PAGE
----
The Clown cannot be King if there is no pre-existing King for him to pretend to be. And if there is a pre-existing King for him to be then who that king IS (or was) is very, very important.
Because everything the Clown does under pretense as the King, will be seen by the other characters, as being done by the King.

Think about this, initially only Haksan, Jo, and the Monk knew the Clown was pretending to be the King. That means, that everybody else in the entire canon palace world of this show, thinks, the Clown, is a KING they already know.

This show’s single and greatest flaw, therefore, is ignoring the consequences of the King as a pre-existing character as determined by the premise of the show itself.

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2/4
Because there were no consequences for the King as a pre-existing character. There almost were- with the Queen almost committing suicide out of guilt, Shin almost exposing the Clown as a fake, and Ha Seon finding out Haksan killed the king.
But none of that had any real stakes.
Let’s break this down.

The Queen- The Clown saved the Queen, thus the Queen forgave him, and then also abandoned the King as a pre existing character. She showed no remorse for him being gone after that point. It was like he was never her childhood friend or first love, it was like her past husband never existed once the Clown declared his love for her. The King? That relationship? Gone. Poof. There are of course all the issues with adultery and what should’ve been her reaction given the historical context and even arguments about who was the better husband for her, but none of that is really that important or relevant because on a basic writing level, her character, after trying to commit suicide promptly forgot, or acted like the King as a character never existed and was never important. This is a Absurd. And OOC*.
*(Out of Character: not a logical decision for the character to make based on how they have acted previously).

Shin- Shin and the Queen Dowager eventually find out, or well, guess that the Clown is not the real King. However instead of this being a huge and important plot point, and an opportunity for properly developed conflict and climax, this is practically swept under the rug. The Clown manages to fluke his way out of the accusations (without anyone on his side dying), and then the Villains lead a rebellion that is entirely unsuccessful and was executed without intelligence so that the Good Guys (lol) can win very easily and eliminate all threats, in the space of about 20 minutes, as if the last fifteen episodes of well, drama, mean absolutely nothing.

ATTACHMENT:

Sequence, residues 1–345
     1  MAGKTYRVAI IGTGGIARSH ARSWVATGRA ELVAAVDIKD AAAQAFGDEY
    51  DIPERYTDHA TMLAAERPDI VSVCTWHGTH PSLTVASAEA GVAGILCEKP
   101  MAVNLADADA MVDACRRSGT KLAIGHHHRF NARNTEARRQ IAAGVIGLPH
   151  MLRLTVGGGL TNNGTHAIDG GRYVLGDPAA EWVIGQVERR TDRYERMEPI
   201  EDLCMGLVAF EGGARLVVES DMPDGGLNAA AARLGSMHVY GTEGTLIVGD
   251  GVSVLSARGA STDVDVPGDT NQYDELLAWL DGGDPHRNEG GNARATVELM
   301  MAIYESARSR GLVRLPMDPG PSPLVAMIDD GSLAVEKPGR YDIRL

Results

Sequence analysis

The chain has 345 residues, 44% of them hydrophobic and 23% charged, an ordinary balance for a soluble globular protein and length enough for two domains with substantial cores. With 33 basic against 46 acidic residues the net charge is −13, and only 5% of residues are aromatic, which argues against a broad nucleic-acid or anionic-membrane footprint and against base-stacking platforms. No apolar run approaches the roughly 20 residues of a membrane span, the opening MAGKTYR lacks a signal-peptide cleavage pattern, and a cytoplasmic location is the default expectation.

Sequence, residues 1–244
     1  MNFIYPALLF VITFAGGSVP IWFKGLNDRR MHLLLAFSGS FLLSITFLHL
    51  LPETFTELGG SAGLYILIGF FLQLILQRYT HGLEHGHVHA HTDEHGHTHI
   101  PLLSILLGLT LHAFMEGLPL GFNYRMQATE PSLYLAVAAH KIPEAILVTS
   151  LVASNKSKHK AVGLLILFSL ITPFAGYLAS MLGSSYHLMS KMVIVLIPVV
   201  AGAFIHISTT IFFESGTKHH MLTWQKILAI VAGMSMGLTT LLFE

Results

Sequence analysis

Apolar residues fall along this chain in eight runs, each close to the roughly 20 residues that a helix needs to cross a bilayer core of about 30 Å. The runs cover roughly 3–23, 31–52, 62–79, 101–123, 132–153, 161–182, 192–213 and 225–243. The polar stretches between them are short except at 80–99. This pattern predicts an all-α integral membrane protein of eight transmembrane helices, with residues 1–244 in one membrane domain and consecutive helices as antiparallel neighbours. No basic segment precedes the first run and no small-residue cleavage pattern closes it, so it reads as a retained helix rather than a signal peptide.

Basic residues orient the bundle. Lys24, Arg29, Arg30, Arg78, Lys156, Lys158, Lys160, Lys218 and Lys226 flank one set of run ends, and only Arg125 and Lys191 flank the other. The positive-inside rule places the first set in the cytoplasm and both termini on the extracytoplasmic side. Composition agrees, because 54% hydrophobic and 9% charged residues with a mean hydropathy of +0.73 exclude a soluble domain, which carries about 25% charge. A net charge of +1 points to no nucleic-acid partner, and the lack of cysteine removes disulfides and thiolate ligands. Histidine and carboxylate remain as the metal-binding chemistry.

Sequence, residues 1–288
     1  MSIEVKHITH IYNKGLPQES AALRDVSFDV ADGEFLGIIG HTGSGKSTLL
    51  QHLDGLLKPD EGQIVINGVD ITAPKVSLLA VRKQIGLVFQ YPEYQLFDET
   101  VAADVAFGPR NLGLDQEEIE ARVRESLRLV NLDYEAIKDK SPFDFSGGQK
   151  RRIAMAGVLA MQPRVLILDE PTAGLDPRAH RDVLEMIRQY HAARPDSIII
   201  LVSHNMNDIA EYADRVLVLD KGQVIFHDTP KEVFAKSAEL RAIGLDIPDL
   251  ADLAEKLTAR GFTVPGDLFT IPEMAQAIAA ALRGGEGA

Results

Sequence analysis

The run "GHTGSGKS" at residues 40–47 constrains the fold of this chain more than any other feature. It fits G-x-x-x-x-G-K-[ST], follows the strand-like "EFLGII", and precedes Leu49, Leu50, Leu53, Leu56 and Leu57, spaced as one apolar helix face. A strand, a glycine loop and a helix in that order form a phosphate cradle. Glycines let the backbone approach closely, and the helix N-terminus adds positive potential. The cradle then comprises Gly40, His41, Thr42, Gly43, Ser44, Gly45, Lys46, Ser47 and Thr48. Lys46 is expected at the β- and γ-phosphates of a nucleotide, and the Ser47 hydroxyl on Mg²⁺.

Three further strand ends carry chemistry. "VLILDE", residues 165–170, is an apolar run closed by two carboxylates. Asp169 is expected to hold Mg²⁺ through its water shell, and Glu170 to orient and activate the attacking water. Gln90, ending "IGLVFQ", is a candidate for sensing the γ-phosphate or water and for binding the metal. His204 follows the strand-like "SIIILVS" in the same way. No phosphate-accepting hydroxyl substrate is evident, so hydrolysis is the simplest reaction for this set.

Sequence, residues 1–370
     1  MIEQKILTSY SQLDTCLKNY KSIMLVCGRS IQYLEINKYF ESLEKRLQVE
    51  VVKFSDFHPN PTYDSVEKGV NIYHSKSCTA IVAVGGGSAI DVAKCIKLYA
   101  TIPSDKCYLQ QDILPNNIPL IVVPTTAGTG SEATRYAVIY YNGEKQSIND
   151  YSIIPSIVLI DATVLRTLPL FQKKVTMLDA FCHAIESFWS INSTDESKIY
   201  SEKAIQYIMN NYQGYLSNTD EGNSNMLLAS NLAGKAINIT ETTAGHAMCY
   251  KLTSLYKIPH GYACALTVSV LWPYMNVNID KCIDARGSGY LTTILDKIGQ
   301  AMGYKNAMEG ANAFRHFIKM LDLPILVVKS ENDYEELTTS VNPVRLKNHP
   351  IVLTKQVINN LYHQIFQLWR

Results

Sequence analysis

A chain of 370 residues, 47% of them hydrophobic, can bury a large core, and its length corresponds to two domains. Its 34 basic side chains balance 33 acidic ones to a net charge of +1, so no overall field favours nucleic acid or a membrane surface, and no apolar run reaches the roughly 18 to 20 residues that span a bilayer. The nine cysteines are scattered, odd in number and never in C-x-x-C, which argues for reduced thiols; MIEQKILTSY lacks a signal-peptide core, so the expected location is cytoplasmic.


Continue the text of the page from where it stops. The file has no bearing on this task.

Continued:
And then the Clown and his Queen live happily ever after, after the Clown suddenly abdicates after having a COMPLETE change in behaviour and personality I might add, that nobody frakking realises. Because whoever Yi Heon was, according to the makers of this show, no longer matters. Absolutely no repercussions, to the King even existing, let alone the Clown taking the throne and the King dying.
(~You know, it’s kind of paradoxical.
Nobody found out the King died because the Clown is the King. And nobody found out the Clown wasn’t the King because the King is dead. And the King only died because the King was a plot device and the King was only a plot device because this show, and its writers, are frakking stupid.~)
Why would I want to watch something when there are no stakes for a plot that should have all the stakes? And Haksan dying- so what. He didn’t die for any plot related reasons. Or well he did but not the important ones. He essentially died so that no one could ever actually prove the Clown as fake. Once again sweeping this fact under the rug.

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3/4
Speaking of Haksan- Haksan killed the king. Whatever you want to argue the reason for this was, and whatever you want to argue the reason for Ha Seon blithely forgiving him for this was, and whatever the argument posed for whether Haksan was good or bad, does not matter.
For all the aforementioned reasons. Let me say it again. A character as significant and prominent as the King, doesn’t even have to be on screen for anything that happens to him to be very important to how your plot plays out if you want your plot to make sense.
So what happens, when you kill him, and, moral implications aside, there are no consequences to this, is that your plot doesn’t frakking make sense.
And all conflict and tension that should exist because of a Clown being a fake King on a throne and surrounded by people that want to kill him, goes away. And it becomes very boring to watch. Because the show you THOUGHT you were getting, the doppelganger plot with the tension and juxtaposition created by that, is actually a different show altogether. One that is like a wolf trying to be a sheep and telling everyone that it is a sheep, when it’s actually still a wolf.

Honestly, it’s not even the underlying moral issues that are never addressed by this show, although sure they annoy me on a personal level, and I have argued about them till Kingdom come; it’s that a core ingredient for plot and character was just IGNORED in order for them to try and push the story they wanted to tell. And that’s really poor writing.
It’s not even just that, it’s poorly constructed as a concept, let alone a written piece.

If you want to tell a story about a Clown being King, do NOT make that ENTIRE premise hinge on a single character and then treat him as a plot device!
Do not base it on a doppelganger trope, only to IGNORE the implications and potential and importance of that doppelganger trope. Don’t base it on a doppelganger trope at all if you’re going to do that!